Hydrogen has recently become a promising alternative fuel for small scale energy generation with the aid of fuel cells. The most prefered method for on-board production of pure hydrogen from methane is through a series of catalytic reactions. However, prior to entering the fuel cell stack, the CO concentration in the reformate gas must not exceed 10 ppm. Concentrations of CO greater than 10 ppm poison the Pt anode which results in the loss of activity and, the power output. Post water-gas shift reaction, two methods show promise for the effective CO removal to the desired levels of less than 10 ppm. In the first method, known as preferential oxidation (PROX), CO is oxidized to CO2, whereas in the second method, known as selective methanation (SMET), CO is hydrogenated to CH4. The catalysts for these reactions must be highly active and selective for the specific reaction (CO oxidation and/or CO hydrogenation), since unwanted side reactions could result in the additional loss of hydrogen. This study presents the synthesis, characterization and testing of Pt, Ir and Ru supported on reducible oxides, TiO2 and ZrO2, for both the oxidation and hydrogenation of CO in H2 rich streams. The effect of synthesis methods (wet impregnation and deposition precipitation), controlling the isoelectric points of the supports, the nature of the active metals (metal dispersion, particle sizes, CO chemisorption capacities) and the metal support interactions were investigated. The catalysts were characterized by ICP-OES, BET, XRD, XPS, temperature programmed studies, FTIR-CO, CO chemisorption and HRTEM. Catalytic testing of these materials included CO oxidation, CO oxidation in the presence of H2 and the hydrogenation of CO in dry and realistic water-gas shift reformate feeds. All the catalysts showed appreciable activy for the total oxidation of CO below 200 °C, but in the presence of H2, the activity decreased significantly. The Pt and Ir catalysts, although showing low CO conversions, favoured the undesired oxidation of H2, which was due to the strong metal support interactions of these materials, resulting in higher H2 spillover on the supports, reducing them and thus forming H2O. The Ru systems showed slightly better activity but tend to simultaneously hydrogenate CO and oxidize it, which is not selective or desired since increased H2 consumption takes place.CO hydrogenation, on the other hand, showed promising results for all the catalysts in the dry reactions. However, the Pt and Ir systems tested with realistic water-gas shift feeds, which included CO2 and H2O, favoured the forward and reverse water-gas shift reaction, as well as CO2 hydrogenation. The Ru systems showed the best activity towards the selective methanation of CO with realistic feeds at a temperature 100 °C lower than the Pt and Ir systems, giving 99.9 % CO conversions and 99.9 % selectivity towards CH4. CO2 methanation was only observed once all CO in the feed was converted. The superior results of the Ru systems were attributed to the active metal which has a lower heat of CO adsorption and a higher CO dissociative adsorption energy compared to that of Pt and Ir. The CO content in the feed stream was effectively reduced to less than 10 ppm over the Ru catalysts which is crucial for fuel cell applications.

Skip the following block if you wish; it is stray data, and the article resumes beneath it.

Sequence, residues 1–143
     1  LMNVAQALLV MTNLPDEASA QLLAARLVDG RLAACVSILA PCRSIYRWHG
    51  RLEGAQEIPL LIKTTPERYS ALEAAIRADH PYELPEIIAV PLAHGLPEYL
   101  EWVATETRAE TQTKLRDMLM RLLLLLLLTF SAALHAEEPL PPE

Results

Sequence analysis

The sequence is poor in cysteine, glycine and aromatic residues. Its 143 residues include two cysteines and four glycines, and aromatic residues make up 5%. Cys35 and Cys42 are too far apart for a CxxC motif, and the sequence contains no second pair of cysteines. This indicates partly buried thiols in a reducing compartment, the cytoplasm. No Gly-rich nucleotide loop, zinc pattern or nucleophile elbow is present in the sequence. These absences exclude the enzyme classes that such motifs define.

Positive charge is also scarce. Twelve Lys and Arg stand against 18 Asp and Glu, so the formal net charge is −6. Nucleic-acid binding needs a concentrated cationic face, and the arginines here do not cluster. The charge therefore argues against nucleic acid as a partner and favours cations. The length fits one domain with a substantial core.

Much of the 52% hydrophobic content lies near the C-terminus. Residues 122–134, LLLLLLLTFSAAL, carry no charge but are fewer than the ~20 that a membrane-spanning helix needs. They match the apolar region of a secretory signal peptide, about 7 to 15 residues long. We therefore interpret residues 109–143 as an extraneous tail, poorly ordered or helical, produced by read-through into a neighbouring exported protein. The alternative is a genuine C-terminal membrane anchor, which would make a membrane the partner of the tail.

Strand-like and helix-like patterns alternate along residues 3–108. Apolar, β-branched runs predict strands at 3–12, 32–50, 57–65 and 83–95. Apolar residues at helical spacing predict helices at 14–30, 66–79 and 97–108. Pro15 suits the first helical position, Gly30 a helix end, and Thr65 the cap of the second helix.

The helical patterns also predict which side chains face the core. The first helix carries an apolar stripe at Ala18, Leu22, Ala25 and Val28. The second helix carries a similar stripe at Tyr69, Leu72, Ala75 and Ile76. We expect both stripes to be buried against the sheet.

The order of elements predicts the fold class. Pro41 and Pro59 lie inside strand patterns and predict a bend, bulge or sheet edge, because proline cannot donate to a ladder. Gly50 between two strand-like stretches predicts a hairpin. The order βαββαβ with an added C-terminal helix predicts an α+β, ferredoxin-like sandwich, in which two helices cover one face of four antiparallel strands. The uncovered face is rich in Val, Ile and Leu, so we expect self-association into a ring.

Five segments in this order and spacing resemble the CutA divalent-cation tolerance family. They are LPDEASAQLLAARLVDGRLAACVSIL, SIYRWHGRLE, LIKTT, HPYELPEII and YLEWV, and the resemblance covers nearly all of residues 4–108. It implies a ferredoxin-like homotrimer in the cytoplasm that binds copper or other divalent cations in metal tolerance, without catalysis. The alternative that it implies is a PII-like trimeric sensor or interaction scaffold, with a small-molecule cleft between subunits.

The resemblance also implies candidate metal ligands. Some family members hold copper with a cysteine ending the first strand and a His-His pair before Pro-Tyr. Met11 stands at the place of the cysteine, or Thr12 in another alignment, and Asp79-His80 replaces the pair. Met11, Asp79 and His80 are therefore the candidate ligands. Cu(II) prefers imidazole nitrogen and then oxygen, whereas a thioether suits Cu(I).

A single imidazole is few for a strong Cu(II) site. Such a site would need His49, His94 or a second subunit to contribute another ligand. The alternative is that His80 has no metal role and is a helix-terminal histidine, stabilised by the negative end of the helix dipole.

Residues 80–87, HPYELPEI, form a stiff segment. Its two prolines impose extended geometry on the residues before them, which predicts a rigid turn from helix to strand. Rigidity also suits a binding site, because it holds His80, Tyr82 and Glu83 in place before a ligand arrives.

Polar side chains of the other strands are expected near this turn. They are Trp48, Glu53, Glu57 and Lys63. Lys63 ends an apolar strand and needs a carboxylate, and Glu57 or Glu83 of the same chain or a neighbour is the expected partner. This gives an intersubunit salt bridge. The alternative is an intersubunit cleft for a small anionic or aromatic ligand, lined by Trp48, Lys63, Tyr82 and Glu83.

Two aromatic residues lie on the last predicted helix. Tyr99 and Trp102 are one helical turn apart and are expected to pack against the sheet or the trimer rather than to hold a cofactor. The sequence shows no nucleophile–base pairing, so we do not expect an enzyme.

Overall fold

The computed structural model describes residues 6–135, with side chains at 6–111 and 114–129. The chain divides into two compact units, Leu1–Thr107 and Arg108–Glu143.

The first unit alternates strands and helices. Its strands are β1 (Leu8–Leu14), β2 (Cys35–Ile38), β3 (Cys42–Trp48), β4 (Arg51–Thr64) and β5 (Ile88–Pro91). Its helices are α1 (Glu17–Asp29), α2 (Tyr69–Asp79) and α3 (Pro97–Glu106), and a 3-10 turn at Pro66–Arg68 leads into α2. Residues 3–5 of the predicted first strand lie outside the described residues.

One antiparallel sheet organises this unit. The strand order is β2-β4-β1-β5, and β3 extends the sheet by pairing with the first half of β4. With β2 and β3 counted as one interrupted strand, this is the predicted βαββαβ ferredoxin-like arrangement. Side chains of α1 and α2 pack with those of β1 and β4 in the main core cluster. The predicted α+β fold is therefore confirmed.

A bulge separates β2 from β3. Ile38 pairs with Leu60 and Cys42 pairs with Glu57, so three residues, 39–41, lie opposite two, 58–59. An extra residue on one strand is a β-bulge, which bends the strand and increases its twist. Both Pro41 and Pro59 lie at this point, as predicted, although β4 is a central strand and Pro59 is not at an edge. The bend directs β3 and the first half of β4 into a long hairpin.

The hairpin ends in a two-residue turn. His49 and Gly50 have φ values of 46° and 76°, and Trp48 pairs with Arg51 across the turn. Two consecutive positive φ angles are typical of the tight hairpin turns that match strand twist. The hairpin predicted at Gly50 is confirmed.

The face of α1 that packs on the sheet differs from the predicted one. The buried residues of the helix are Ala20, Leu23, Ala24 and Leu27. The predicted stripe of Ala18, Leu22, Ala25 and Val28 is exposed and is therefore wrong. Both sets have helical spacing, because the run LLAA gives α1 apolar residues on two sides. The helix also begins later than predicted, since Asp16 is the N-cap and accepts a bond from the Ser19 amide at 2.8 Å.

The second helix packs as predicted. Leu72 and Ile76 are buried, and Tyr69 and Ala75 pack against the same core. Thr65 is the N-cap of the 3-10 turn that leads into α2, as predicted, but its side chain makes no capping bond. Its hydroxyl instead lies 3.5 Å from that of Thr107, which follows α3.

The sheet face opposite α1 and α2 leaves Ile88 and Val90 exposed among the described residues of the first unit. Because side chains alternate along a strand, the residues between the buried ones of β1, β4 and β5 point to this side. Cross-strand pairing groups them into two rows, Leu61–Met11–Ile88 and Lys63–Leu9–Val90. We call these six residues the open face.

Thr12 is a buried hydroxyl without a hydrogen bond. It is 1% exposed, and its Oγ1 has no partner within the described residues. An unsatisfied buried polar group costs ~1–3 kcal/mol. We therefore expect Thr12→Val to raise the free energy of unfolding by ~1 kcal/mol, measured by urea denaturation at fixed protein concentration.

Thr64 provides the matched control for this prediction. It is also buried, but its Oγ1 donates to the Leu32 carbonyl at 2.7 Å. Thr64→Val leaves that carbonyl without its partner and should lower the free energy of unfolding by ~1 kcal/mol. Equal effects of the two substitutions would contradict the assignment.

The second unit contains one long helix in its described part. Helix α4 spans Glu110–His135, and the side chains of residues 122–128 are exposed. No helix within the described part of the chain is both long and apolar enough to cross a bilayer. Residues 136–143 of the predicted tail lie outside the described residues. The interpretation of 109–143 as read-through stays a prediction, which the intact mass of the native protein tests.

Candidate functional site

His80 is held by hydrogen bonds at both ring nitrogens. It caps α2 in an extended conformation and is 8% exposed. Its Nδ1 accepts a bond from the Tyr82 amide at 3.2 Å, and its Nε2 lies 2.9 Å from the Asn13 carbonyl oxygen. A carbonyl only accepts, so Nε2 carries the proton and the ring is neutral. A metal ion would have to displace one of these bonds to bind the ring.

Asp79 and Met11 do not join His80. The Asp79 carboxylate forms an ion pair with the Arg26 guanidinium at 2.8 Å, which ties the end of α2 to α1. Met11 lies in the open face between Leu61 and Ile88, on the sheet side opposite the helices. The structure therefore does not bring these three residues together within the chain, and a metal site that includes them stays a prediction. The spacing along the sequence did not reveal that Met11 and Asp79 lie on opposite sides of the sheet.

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    Synthesis, characterization and antibacterial activity of benzimidazole Derivatives.
    (2018) Cheddie, Adele.; Koorbanally, Neil Anthony.